For purposes of this subpart, the term “United States shareholder” means, with respect to any foreign corporation, a United States person (as defined in section 957(c)) who owns (within the meaning of section 958(a)), or is considered as owning by applying the rules of ownership of section 958(b), 10 percent or more of the total combined voting power of all classes of stock entitled to vote of such foreign corporation, or 10 percent or more of the total value of shares of all classes of stock of such foreign corporation. IRC §951(b) (2018).

The difference? Before the change, “United States shareholder” includes only those US persons who hold 10% or more of the voting power of the corporation. After the change, you are a United States shareholder if you hold 10% or more of either the voting power or the value of the corporation.

For example, suppose you have a foreign corporation with 2 series of shares. Shareholder 1 owns all series 1 shares, and shareholder 2 owns all series 2 shares. Both are US citizens. Series 1 has voting power but no right to profits or liquidation proceeds. Series 2 has no voting power but has all rights to profits or liquidation proceeds.

Under the previous rules, shareholder 2 is not a United States shareholder, because he holds no voting power. Under the new rules, shareholder 2 may (and probably does) hold sufficient shares to be a United States shareholder, because the nonvoting shares have value.

Because it is now easier to be a United States shareholder of a foreign corporation, more people would be subject to CFC rules, and more people would fall into the CFC-PFIC overlap.

It is easier for a corporation to be a CFC

A CFC is defined as follows (IRC §957(a)):

  • Find all United States shareholders of a foreign corporation
  • Add all shares of United States shareholders
  • If the result is more than 50% of the foreign corporation’s shares by value or by voting power, then the corporation is a CFC.

After the tax law change, there are more United States shareholders. This means we are counting more shares when we determine whether a foreign corporation is a CFC. This means more foreign corporations would be classified as CFCs. This effect also contributes to why more people would fall into the CFC-PFIC overlap rule.

Some may need to purge a PFIC taint

Unfortunately, there is a “once a PFIC, always a PFIC rule”. What it says is that if you treated a share of a foreign as a PFIC share within your holding period of the share, then you must continue to apply the PFIC rules, even if you become a United States shareholder, and the corporation becomes a CFC. Reg. §1.1297-3(a). This is known as the PFIC taint.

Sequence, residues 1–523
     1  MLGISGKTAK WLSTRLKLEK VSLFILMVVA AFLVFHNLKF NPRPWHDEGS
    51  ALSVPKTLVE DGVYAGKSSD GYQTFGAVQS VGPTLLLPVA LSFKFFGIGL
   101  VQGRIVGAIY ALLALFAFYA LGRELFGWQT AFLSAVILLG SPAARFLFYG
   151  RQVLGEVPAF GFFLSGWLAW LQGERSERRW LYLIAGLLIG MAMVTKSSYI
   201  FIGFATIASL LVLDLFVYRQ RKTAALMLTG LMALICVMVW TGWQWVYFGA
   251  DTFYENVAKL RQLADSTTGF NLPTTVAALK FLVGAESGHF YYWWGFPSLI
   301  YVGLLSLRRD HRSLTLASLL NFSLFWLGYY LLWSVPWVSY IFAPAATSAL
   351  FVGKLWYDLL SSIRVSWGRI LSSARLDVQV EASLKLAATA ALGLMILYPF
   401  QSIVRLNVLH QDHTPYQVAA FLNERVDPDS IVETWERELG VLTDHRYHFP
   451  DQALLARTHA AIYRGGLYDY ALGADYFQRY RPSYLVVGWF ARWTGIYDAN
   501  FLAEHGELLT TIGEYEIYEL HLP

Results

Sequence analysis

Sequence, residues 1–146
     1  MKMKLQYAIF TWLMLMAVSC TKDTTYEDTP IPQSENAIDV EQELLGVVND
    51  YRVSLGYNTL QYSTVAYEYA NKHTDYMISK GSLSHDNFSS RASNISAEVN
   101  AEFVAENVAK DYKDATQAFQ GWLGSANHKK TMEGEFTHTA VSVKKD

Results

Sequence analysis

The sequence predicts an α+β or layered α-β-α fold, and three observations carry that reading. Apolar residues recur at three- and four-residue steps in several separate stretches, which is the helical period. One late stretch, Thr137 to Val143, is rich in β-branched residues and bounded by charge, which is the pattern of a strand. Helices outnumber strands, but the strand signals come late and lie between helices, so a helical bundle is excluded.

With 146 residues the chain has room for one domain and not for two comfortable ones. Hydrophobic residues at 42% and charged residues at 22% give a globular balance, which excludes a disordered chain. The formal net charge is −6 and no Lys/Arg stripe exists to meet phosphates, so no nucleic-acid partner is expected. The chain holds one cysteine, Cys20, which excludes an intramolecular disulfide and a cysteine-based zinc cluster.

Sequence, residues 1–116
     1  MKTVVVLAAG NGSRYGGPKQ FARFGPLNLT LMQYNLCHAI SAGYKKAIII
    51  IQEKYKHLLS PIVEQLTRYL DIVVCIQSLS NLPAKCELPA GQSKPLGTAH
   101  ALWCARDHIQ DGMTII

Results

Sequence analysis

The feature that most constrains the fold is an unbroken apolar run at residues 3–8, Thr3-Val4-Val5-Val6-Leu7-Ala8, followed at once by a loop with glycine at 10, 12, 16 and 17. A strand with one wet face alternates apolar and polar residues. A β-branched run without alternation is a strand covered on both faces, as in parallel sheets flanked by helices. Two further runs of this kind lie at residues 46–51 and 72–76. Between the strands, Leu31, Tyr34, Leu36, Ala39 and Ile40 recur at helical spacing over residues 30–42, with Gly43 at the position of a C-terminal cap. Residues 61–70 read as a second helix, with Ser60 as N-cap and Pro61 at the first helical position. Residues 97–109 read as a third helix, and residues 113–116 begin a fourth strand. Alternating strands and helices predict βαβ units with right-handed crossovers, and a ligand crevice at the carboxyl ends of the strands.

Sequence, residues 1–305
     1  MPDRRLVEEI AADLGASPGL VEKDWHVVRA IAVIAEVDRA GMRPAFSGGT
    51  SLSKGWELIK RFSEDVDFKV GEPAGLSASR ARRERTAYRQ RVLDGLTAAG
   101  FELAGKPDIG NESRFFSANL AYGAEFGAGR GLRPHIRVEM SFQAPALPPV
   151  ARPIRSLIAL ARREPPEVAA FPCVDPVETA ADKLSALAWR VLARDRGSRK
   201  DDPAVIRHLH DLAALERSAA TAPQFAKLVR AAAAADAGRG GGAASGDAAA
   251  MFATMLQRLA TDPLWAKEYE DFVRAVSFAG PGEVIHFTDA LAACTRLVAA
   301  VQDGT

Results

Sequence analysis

The only way to stop applying the PFIC rules is to make a purging election. Reg. §1.1297-3. Debra covered the transition from PFIC to CFC rules in depth in a series of 3 posts.

Here is the short version: To make a purging election, the United States shareholder must either (1) recognize his share of the CFC’s earnings and profits under a deemed dividend election or (2) recognize gain from the shares under a deemed sale election. The deemed dividend or deemed sale election is taxed under PFIC rules, so it can create high tax liability.

Returning to our previous example: Suppose you have a foreign corporation with 2 series of shares. Shareholder 1 owns all series 1 shares, and shareholder 2 owns all series 2 shares. Both are US citizens. Series 1 has voting power but no right to profits or liquidation proceeds. Series 2 has no voting power but has all rights to profits or liquidation proceeds.

This corporation always has been a CFC, because there is 1 US citizen who owned all voting power of the corporation.

Shareholder 1 always has been a United States shareholder of a CFC, so he operates under the CFC rules but not the PFIC rules. Shareholder 2, however, was not a United States shareholder before 2018, because he held no voting power. He became a United States shareholder in 2018. He treated the shares as PFIC shares during his holding period.

Both the CFC rules and PFIC rules apply to shareholder 2 starting 2018. He needs to make a purging election to stop the PFIC rules from applying.

 

PFIC and CFCs